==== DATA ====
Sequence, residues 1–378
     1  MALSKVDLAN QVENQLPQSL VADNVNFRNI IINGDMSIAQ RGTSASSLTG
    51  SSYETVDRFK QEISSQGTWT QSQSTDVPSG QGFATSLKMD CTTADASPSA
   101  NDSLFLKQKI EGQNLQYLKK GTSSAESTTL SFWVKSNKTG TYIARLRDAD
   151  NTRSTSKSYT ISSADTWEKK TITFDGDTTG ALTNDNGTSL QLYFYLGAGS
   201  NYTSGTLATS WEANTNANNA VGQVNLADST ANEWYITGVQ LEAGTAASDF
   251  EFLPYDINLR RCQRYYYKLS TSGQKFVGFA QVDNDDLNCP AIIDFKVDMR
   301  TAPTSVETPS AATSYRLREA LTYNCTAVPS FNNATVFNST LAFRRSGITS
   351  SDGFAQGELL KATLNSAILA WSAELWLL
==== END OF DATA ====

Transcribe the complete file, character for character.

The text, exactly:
Sequence, residues 1–378
     1  MALSKVDLAN QVENQLPQSL VADNVNFRNI IINGDMSIAQ RGTSASSLTG
    51  SSYETVDRFK QEISSQGTWT QSQSTDVPSG QGFATSLKMD CTTADASPSA
   101  NDSLFLKQKI EGQNLQYLKK GTSSAESTTL SFWVKSNKTG TYIARLRDAD
   151  NTRSTSKSYT ISSADTWEKK TITFDGDTTG ALTNDNGTSL QLYFYLGAGS
   201  NYTSGTLATS WEANTNANNA VGQVNLADST ANEWYITGVQ LEAGTAASDF
   251  EFLPYDINLR RCQRYYYKLS TSGQKFVGFA QVDNDDLNCP AIIDFKVDMR
   301  TAPTSVETPS AATSYRLREA LTYNCTAVPS FNNATVFNST LAFRRSGITS
   351  SDGFAQGELL KATLNSAILA WSAELWLL